Friday blast again rocks Karachi. 17 killed, 100 injured, mosque badly damaged. Arrest of banned Lashkar-i-Jhangvi militants may cause revenge.

Bomb and gun attack rocks Karachi: Tehrik-i-Taliban claims responsibility

Friday 12th November 2010 | Zilhaj 5, 1431 

KARACHI: At least 17 people were killed and over 100 injured in a massive bombing that was preceded by a shootout and grenade attack at the Crime Investigation Department (CID) offices in Civil Lines on Thursday night.

Among the dead was a woman from an adjoining neighbourhood, policemen posted in the CID and some personnel of the Frontier Constabulary deployed at a security post at the entrance of the offices located on the Beaumont Road.

The blast took place at around 8.20pm in what is supposed to be a most secure area of the city, at a walking distance from the Chief Minister’s House and two five-star hotels located on the Club Road.

Sindh Home Minister Zulfiqar Mirza, who was among the first to reach the scene, said that the blast bore resemblance to Islamabad’s Marriott hotel blast of 2008.

Soon after the blast, the banned Tehrik-i-Taliban Pakistan claimed responsibility.

“Five or six attackers took out the guards present at the main entrance of the CID offices. One of them went inside the raised barrier and opened the gate. Meanwhile, policemen who were in the building opened retaliatory fire and the attackers rammed an explosives-laden truck of medium size into the second gate of the building,” a CID official told Dawn.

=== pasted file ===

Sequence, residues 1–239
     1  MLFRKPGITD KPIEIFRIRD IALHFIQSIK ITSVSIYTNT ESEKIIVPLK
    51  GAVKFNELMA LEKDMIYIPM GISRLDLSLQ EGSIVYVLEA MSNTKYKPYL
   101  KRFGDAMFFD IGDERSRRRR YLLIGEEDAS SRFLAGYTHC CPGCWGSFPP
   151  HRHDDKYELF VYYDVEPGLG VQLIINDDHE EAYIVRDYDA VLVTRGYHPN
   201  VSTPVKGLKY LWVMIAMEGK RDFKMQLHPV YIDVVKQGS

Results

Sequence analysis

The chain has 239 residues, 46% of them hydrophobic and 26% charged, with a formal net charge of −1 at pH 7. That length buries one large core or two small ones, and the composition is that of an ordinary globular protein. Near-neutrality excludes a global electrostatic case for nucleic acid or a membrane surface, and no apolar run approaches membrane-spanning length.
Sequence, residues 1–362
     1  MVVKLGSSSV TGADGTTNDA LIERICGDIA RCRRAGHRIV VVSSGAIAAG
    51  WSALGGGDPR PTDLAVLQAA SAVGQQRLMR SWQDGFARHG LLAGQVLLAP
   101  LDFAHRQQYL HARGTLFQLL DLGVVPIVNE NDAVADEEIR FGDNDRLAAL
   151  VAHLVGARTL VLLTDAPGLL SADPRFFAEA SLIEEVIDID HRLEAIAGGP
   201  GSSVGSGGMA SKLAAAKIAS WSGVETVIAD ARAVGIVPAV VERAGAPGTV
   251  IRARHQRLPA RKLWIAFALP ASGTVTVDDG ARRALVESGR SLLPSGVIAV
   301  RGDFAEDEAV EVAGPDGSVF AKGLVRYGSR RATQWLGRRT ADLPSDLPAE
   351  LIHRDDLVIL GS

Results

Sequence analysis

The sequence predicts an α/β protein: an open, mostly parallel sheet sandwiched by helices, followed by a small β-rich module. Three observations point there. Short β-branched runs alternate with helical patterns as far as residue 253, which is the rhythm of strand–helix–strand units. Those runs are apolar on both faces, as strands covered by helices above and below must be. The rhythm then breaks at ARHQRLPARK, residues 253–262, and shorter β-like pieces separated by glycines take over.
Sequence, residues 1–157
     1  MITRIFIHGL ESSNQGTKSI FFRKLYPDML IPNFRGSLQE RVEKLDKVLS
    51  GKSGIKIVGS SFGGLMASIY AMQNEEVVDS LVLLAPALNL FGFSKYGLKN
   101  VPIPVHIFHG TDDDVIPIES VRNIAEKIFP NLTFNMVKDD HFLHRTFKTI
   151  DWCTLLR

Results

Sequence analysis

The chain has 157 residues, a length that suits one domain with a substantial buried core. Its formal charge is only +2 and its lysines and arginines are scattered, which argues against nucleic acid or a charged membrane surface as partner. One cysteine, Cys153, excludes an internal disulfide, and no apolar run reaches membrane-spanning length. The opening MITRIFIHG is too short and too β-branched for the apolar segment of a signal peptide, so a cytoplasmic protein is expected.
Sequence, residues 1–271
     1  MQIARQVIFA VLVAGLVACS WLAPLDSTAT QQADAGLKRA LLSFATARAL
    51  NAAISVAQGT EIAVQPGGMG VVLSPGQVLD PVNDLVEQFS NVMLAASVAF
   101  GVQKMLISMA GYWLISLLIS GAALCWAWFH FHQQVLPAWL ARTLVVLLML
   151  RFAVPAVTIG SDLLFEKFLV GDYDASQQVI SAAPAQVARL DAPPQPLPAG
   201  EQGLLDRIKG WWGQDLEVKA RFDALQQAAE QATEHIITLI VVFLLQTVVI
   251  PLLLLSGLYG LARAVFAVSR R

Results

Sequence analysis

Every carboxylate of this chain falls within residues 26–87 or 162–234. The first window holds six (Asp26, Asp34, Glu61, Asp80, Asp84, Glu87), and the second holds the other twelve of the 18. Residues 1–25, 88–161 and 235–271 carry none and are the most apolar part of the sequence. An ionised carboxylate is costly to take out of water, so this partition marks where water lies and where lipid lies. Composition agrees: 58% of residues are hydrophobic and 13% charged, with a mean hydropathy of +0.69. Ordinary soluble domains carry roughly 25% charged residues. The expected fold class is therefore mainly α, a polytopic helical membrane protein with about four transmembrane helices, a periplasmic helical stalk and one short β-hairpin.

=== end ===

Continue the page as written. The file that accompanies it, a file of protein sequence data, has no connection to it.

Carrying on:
The structure, especially residential quarters located across the road and around the CID offices, were also razed to the ground by the impact of the blast, killing and wounding many residents.

The blast left a crater over 15 feet deep and 30 feet across.

“I ran for safety inside the offices after hearing what appeared to be a shootout between two sides. It lasted 10 to 15 minutes, during which a small explosion also took place, and was followed by a massive blast”, said Abdul Razzaq, a labourer who was doing a paint job at the home of SP Naeem Shaikh, which caved in after the explosion.

A mosque located inside the premises of the offices was badly damaged.

An official of the Special Investigation Group (SIG) said the quantity of explosives used in the blast was less than that used in the blast in Islamabad on Sept 20, 2008, but more than the Lahore blast of May 27 last year.

He estimated about 1,000kgs of explosives were packed into the truck.

He said the vehicle used in the attack could carry a maximum of 2,000kgs of load, but the explosives must have been camouflaged.

SSP Raja Umar Khattab, citing initial information, said the attackers had used a Shezore pick-up.

He said there was no restriction on movement of such truck at the place because a multi-storey building was being constructed in front of the CID offices.

A CID officer, who didn’t want to be named, said a lock-up had been damaged, but there was no suspect in it at the time.

Saddar SSP Javed Akbar Riaz told Dawn that the attackers might have used the M.T. Khan Road and turned towards the Beaumont Road leading to the CID offices, to avoid the PIDC traffic signal.

CCTV footage from cameras installed at the traffic intersection was being analysed to spot any suspect vehicle, the officer said.

Investigators also found a chassis number, of a pick-up, from the scene. Two bodies were recovered from the debris several hours after the blast when heavy machinery was employed.